URL Redirects For SEO: A Technical Guide

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Redirects for SEO must be utilized correctly due to the fact that they impact how sites are crawled and indexed by Google.

While many people consider redirects as a web detour indication, far more is occurring, and it’s remarkably enjoyable to find.

Keep checking out for a detailed introduction of redirects and the proper application for technical SEO.

What Is A Redirect?

Website redirects inform browsers and online search engine information about a URL and where to discover the website.

A URL redirect involves code executed to a specific URL, or a group of URLs so that the user (or online search engine) is sent to a different page to the real URL that was input or clicked.

A redirect can be set as a:

  • Short-term redirect: 302, 303, 307, 308.
  • Long-term redirect: 301.

When To Utilize Redirects

The primary factors to utilize redirects are:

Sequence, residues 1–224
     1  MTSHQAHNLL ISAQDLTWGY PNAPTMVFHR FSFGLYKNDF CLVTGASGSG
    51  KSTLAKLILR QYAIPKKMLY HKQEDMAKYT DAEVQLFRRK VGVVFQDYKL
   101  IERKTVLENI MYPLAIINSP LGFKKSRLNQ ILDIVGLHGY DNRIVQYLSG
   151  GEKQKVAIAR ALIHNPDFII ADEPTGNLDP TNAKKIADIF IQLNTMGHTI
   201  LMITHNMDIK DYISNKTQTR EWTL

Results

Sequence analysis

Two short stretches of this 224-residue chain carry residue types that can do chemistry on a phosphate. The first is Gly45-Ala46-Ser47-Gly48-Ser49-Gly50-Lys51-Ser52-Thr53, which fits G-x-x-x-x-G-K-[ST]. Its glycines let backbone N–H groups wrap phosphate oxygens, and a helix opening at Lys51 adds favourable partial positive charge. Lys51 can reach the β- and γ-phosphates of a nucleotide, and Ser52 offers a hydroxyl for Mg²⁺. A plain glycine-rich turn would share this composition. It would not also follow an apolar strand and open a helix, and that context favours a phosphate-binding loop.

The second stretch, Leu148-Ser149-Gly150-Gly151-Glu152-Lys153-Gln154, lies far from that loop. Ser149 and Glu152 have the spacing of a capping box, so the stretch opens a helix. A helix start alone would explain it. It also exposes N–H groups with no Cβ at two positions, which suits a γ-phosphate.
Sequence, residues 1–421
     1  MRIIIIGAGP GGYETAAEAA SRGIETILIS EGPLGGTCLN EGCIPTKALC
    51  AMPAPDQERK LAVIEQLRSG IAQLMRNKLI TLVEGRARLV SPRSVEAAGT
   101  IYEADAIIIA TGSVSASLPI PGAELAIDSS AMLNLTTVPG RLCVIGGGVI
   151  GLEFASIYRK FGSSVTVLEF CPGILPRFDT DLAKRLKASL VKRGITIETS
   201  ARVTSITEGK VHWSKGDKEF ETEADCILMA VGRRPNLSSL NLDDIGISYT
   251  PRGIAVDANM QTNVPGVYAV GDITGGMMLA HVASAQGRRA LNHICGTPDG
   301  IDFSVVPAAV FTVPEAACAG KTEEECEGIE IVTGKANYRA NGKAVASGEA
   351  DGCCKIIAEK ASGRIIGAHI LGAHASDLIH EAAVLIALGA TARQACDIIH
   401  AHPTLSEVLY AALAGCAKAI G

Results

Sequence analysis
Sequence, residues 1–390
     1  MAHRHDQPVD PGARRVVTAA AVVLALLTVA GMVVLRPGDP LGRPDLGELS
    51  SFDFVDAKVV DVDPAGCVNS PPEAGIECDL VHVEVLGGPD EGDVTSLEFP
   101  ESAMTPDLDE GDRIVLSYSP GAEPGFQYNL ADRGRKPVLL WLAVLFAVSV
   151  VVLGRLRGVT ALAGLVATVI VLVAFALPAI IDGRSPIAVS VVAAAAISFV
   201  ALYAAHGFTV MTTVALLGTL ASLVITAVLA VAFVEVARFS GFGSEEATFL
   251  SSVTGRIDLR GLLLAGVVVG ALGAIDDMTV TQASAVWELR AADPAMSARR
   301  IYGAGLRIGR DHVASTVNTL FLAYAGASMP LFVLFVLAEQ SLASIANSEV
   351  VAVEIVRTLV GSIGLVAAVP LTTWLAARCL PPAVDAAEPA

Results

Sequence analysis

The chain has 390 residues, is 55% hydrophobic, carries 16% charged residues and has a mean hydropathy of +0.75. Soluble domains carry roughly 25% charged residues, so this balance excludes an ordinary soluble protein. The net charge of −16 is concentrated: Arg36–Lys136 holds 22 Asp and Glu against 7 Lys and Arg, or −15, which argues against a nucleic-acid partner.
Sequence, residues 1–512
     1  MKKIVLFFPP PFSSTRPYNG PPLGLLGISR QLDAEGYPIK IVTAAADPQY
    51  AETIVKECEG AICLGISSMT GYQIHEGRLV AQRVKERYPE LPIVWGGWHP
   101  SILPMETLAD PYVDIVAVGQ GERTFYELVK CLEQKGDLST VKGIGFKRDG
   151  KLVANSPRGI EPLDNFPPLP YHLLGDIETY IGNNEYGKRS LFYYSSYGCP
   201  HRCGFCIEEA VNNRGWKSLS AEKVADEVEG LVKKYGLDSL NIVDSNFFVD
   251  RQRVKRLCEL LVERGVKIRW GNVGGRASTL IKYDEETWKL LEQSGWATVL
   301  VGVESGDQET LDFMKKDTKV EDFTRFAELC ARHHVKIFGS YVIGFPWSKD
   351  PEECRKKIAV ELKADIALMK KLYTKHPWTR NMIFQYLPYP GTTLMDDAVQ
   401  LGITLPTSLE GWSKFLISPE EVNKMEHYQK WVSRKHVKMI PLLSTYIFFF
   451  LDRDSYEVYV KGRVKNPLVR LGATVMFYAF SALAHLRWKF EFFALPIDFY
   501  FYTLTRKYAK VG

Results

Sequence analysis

• A private page or whole domain has been moved (URL changed).
  • To enable the use of URL shorteners or ‘pretty URLs.’
  • Website migration (e.g., HTTP to HTTPS).

For SEO purposes, URL redirects are essential due to the fact that they:

  • Forward authority of any links indicating a page that has moved or been erased.
  • Prevent 404 page not discovered mistakes (although often it is better to leave a 404).

Redirects can be implemented on a group or domain-wide basis however typically require to be set on a private basis to prevent problems.

When using RegEX for group reroutes, it can have unanticipated outcomes if your logic isn’t perfect!

Types Of Redirects

There are three primary types of redirects: